I locked myself in my office and began my presentation. Suddenly I heard the scratching sound at the door, but I didn’t panic. Not only was the door locked, but I also had a kid-proof doorknob and a safety latch in place. The boys weren’t getting through that door… Until they did.
Suddenly, there he was. My 5-year-old had figured out how to enter what I thought was a secure room with the aid of his ridiculously crafty 7-year-old brother. And what was he doing? He was in the corner of the video screen MOONING the CEO. MOONING HER! I nearly died. To make matters worse, I jumped out of my seat to usher him back out the door, revealing that, although I was neatly dressed in a sports coat and scarf on top, I was wearing blue and pink polka dot pajama pants on the bottom!
Oh my heavens! AAAHHHHHHHHHHH!!!!
This spectacle was followed by complete silence. But then… she laughed! She laughed so hard I thought she was going to hurt herself. But she said she was sold. She wasn’t entirely sure what I was pitching — but she wanted in on what I had. She also wanted to know how she could help and if there was space at our holiday dinner table.
I decided at that moment that that was what it was all about. I was still a CEO. I still had a family. Some people get it. Some people don’t. And that’s okay. This is my season. I’m a CEO and Mom. And if you can’t work with me with a 5-year-old mooning you from the corner, well… maybe we just shouldn’t be partners. Because that’s my life right now. And I couldn’t possibly love it anymore.
Are you working on any exciting new projects now? How do you think that will help people?
Thank you so much for asking! I recently released the International Best Seller: Guided Accountability: Increase the Likelihood of Goal Achievement by 97%. Right now we’re doing a big push to get at least one copy in every library.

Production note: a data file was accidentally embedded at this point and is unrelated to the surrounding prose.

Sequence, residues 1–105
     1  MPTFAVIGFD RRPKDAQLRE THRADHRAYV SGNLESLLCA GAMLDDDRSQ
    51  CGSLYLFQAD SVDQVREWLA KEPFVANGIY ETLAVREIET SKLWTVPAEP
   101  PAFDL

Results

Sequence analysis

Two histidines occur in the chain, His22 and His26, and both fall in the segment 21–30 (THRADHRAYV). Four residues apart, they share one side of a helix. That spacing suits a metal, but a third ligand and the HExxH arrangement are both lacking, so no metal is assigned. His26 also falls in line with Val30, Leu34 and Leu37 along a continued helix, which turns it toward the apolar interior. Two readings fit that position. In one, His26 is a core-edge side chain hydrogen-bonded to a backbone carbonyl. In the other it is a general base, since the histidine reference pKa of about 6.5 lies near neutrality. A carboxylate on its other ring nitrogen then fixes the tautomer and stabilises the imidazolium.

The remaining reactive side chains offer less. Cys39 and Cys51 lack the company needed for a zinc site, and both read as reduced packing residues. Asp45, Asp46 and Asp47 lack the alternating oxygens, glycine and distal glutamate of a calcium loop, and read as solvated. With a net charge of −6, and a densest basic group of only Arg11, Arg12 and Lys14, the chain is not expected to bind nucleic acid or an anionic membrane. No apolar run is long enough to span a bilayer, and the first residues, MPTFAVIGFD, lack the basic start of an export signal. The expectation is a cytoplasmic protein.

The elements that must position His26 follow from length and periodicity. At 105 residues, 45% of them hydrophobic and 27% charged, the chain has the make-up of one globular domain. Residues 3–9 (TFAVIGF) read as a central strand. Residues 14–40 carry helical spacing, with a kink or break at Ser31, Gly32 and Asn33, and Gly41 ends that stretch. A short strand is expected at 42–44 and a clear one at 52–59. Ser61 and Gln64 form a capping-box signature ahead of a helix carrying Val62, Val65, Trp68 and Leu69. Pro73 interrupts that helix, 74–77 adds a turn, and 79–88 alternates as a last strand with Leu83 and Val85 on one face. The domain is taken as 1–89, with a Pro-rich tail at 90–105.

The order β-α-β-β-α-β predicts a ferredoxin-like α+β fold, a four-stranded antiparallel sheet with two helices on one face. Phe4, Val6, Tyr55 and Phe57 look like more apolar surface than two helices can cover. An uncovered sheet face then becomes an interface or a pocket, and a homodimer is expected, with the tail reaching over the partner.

We’ve also just launched an exclusive group program called the “Goal Keepers Guild”. It’s combining the Optio experience with laser coaching on group calls with me and other experts. We’re helping women identify their purpose- both overarching and their purpose in this particular season of life. We’ll hold space and help them create S.M.A.R.T.E.R. goals that align with this purpose and see them through to the finish line. I’m so excited I could burst. So many women’s lives are going to be changed for the better, and as a result, their families and greater communities at large will be dramatically impacted. The change will be palpable. I truly believe that by growing the reach of the Guided Accountability framework, woman by woman, individual by individual, we are doing our part to move the world to a more peaceful state for all.
Ok, thank you for that. Let’s now jump to the main focus of our interview. Have you ever been publicly shamed or embarrassed on social media? Can you share with our readers what that experience felt like?
I’ve been shamed in so many ways I can’t count. But I’ve been blessed with the ability to let MOST things roll off my back. Kind of like a duck… OR sometimes I don’t even realize that I’ve been shamed. HA! How crazy is that? But OF COURSE, I’ve felt the shame and embarrassment that can result from just about any social media encounter. I think the ones that hurt the most have been around my parenting style. I’m more confident as a Mom now — but in the beginning? Oh, man. It felt like everything was a personal attack (even when it wasn’t)
What did you do to shake off that negative feeling?
I allow myself to feel it. I share with the individual how it made me feel (because I want them to know), but I don’t have any expectations surrounding their response. I let it go and I move on. Just keep taking the next right step.
Have you ever posted a comment on social media that you regretted because you felt it was too harsh or mean?